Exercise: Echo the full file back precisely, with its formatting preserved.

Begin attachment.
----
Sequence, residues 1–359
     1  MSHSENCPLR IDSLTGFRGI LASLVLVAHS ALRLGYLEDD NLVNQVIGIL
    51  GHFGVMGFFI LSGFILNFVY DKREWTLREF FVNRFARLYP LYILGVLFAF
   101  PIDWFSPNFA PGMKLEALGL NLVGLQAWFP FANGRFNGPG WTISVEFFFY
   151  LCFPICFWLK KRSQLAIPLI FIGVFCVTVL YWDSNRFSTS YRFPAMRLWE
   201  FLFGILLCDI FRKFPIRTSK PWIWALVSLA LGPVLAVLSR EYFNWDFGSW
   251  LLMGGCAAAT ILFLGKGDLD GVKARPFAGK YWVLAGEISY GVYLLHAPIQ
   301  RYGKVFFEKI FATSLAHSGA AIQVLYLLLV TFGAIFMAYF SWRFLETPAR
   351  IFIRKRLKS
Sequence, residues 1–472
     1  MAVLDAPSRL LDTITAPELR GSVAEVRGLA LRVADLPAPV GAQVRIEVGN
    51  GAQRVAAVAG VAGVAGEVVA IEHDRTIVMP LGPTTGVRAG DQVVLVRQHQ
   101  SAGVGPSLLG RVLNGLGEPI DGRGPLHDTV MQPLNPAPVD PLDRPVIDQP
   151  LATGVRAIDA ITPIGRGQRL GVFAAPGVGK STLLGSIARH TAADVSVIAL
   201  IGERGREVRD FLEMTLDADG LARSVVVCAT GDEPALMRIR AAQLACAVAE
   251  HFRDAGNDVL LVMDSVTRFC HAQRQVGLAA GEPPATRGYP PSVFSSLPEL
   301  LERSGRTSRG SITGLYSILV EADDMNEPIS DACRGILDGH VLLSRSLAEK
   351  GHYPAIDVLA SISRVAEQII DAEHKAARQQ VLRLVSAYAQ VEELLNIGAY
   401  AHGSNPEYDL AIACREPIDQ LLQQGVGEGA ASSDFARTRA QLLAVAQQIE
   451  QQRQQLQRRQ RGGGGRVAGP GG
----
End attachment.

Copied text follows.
Sequence, residues 1–359
     1  MSHSENCPLR IDSLTGFRGI LASLVLVAHS ALRLGYLEDD NLVNQVIGIL
    51  GHFGVMGFFI LSGFILNFVY DKREWTLREF FVNRFARLYP LYILGVLFAF
   101  PIDWFSPNFA PGMKLEALGL NLVGLQAWFP FANGRFNGPG WTISVEFFFY
   151  LCFPICFWLK KRSQLAIPLI FIGVFCVTVL YWDSNRFSTS YRFPAMRLWE
   201  FLFGILLCDI FRKFPIRTSK PWIWALVSLA LGPVLAVLSR EYFNWDFGSW
   251  LLMGGCAAAT ILFLGKGDLD GVKARPFAGK YWVLAGEISY GVYLLHAPIQ
   301  RYGKVFFEKI FATSLAHSGA AIQVLYLLLV TFGAIFMAYF SWRFLETPAR
   351  IFIRKRLKS
Sequence, residues 1–472
     1  MAVLDAPSRL LDTITAPELR GSVAEVRGLA LRVADLPAPV GAQVRIEVGN
    51  GAQRVAAVAG VAGVAGEVVA IEHDRTIVMP LGPTTGVRAG DQVVLVRQHQ
   101  SAGVGPSLLG RVLNGLGEPI DGRGPLHDTV MQPLNPAPVD PLDRPVIDQP
   151  LATGVRAIDA ITPIGRGQRL GVFAAPGVGK STLLGSIARH TAADVSVIAL
   201  IGERGREVRD FLEMTLDADG LARSVVVCAT GDEPALMRIR AAQLACAVAE
   251  HFRDAGNDVL LVMDSVTRFC HAQRQVGLAA GEPPATRGYP PSVFSSLPEL
   301  LERSGRTSRG SITGLYSILV EADDMNEPIS DACRGILDGH VLLSRSLAEK
   351  GHYPAIDVLA SISRVAEQII DAEHKAARQQ VLRLVSAYAQ VEELLNIGAY
   401  AHGSNPEYDL AIACREPIDQ LLQQGVGEGA ASSDFARTRA QLLAVAQQIE
   451  QQRQQLQRRQ RGGGGRVAGP GG